Excavating diverse art histories, James Jean transforms visual codes of past and present, East and West, into a disorientating, timeless dreamworld.
For such a young artist, Jean’s oeuvre is impressive. His work has infiltrated both fine art and popular culture, with high-profile collaborations from Prada to Apple, a colossal digital following, and representation by contemporary art icon, Takashi Murakami. Beginning his career as a cover artist for DC Comics, Jean incorporated his former trade into his own distinctive style: a fusion of traditional painting techniques, and animated aesthetics reminiscent of Manga, Anime and American comic-books.
- Time-based limited edition print, Chelone, 2019
- Solo show, Eternal Journey at the Lotte Art Museum, Seoul, 2019
- Collaboration with Apple for iPad Pro Campaign, 2018
- Poster commissioned by Guillermo del Toro for Oscar-nominated The Shape of Water, 2017
- Kendrick Lamar wore a Prada Jean-designed T-shirt to the VMAs, 2017
The works depict imaginative hallucinations and deja-vus with an otherworldliness evocative of a pleasant psychedelic trip or a subverted fairytale. Recurrent mythical beasts offer idiosyncratic twists on famous cultural narratives, and his pallette switches between bright, intense colours, and more subdued hues that hold a shy nightmarish beauty. Both joyous and intimidating, Jean’s paintings have a youthful escapism that test the endless potential of fantasy.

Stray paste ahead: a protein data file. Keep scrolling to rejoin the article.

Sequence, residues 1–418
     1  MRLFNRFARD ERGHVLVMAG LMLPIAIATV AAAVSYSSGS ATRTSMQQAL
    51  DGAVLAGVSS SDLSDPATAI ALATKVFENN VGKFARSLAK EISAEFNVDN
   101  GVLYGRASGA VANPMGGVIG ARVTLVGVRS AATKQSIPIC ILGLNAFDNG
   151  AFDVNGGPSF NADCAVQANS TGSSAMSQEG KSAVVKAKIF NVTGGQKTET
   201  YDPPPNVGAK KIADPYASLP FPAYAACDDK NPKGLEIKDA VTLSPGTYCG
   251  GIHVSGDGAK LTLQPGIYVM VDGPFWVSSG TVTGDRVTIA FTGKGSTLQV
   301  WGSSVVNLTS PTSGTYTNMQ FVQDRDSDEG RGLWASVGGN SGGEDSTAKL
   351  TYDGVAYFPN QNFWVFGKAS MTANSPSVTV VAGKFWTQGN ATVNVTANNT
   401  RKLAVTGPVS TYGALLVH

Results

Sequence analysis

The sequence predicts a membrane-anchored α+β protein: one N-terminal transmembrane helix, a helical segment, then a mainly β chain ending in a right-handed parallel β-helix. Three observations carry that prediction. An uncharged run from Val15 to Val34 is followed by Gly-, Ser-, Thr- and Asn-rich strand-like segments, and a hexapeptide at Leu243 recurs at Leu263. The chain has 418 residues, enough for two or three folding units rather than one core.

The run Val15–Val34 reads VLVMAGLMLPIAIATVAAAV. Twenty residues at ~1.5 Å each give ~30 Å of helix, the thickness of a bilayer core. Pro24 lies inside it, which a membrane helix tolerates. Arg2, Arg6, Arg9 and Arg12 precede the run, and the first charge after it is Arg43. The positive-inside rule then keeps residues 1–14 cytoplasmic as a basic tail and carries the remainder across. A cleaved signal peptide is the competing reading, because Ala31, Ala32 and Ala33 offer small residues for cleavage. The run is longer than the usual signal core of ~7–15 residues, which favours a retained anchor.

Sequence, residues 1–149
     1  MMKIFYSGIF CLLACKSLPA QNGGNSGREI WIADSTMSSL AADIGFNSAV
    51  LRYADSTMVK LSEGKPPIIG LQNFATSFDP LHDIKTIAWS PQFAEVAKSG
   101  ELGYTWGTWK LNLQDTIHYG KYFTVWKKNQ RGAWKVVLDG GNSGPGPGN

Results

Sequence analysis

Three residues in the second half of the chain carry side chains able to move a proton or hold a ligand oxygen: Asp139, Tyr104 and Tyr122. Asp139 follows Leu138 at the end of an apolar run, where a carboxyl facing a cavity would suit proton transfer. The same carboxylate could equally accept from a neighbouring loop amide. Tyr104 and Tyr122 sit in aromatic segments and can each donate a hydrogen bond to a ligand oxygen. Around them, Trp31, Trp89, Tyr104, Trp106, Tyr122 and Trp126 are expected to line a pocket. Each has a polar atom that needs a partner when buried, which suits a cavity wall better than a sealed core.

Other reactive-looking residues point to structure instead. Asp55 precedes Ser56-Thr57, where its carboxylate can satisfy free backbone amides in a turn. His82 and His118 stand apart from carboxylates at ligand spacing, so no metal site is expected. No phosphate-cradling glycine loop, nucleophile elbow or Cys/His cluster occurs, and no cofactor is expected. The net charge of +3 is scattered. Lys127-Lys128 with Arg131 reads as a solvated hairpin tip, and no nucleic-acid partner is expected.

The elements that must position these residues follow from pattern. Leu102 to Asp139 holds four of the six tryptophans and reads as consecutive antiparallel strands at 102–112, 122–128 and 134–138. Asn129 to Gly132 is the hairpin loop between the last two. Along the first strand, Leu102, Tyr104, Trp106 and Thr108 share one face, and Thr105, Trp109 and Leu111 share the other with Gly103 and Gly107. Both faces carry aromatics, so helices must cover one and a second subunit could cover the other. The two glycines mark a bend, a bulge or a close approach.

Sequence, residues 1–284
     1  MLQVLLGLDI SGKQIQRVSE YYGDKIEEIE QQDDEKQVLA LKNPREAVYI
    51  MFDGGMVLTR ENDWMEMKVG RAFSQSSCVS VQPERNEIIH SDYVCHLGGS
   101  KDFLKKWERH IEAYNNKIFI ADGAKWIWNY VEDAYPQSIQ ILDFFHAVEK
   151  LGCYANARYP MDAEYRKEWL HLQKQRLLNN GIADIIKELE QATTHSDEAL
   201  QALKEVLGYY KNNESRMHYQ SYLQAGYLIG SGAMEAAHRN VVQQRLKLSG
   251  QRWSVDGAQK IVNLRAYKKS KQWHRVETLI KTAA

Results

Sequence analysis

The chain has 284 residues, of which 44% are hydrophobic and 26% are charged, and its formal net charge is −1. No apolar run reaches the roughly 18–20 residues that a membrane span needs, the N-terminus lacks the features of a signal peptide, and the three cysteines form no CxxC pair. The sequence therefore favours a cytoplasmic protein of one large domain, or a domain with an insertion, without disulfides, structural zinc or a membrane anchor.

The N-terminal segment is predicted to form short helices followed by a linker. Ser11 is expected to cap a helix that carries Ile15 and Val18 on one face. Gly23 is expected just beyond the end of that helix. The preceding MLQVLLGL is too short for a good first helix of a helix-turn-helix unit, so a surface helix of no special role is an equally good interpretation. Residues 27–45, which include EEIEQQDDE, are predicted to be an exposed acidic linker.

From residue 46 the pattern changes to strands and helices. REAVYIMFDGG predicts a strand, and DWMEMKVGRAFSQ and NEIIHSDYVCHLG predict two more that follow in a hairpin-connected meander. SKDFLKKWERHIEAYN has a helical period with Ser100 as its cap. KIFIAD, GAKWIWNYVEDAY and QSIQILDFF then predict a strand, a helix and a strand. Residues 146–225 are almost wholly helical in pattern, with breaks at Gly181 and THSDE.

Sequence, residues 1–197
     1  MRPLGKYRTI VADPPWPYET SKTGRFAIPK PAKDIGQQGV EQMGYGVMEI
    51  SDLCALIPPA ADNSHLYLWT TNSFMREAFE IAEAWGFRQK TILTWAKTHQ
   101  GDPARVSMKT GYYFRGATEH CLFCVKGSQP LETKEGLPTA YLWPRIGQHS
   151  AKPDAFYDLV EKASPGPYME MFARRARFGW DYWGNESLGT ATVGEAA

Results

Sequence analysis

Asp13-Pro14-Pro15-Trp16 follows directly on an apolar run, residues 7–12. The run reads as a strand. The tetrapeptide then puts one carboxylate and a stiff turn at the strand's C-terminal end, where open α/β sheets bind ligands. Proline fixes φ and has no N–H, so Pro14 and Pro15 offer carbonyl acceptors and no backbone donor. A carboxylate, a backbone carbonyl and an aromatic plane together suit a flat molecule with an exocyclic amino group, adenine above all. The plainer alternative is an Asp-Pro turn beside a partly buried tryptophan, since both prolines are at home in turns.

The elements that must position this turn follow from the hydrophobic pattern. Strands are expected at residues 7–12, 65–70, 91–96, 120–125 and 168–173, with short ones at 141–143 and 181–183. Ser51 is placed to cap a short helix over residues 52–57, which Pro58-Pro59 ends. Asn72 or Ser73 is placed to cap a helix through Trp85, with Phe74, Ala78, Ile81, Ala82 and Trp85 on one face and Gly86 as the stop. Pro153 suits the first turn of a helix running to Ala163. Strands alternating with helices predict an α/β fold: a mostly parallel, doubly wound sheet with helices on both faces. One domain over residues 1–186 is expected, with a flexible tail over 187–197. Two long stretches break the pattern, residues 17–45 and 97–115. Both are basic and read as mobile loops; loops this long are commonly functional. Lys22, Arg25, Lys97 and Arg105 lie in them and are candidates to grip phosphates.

Eternal Journey, Jean’s solo show in 2019 at the Lotte Art Museum in Seoul, was a prolific retrospective of old and new works. The exhibition included preliminary sketches, as well as immersive digital installations, stain-glass sculptures, and vast mural-esq paintings. Basing some of his works on historical artefacts, Jean distills lofty art histories into captivating images with a pop sensibility. Inferno – Red Fire South (2019) is a subversive remake of Hell Scroll, or Jigoku-zoshi, a 12th century Japanese scroll painting. Spread across three canvases, the large painting depicts a clan of cartoon child-like creatures entrapped in blue flames. With large baby heads, wispy blue hair and oversized trainers, the creatures’ innocence is violated by the sprawling flames, and thin, tentacle-like branches that are wrapped around them, as if suffocated by their own umbilical cords.
Jean reinvents outdated notions of the all-knowing artistic genius. By exposing his process online and in his exhibitions, he makes his work intentionally accessible without compromising its quality or complexity. Jean draws from a wealth of influences which merge his ancient predecours with a contemporary visual paradigm: his technical ability and the breadth of his practice evokes that of the renaissance; reinterpretations of Hokusai’s archetypal waves align Jean with the masters of Japanese art; while depictions of Bugs Bunny and Pinocchio nod to America’s megabuck cultural-guardians, Disney and Looney Tunes. Coalescing the archaic, the rare, the contemporary, and the mass-produced from across Asia, North America, and Europe, Jean’s aesthetic thwarts notions of time and place, collapsing into a bright, enthralling fantasticism.
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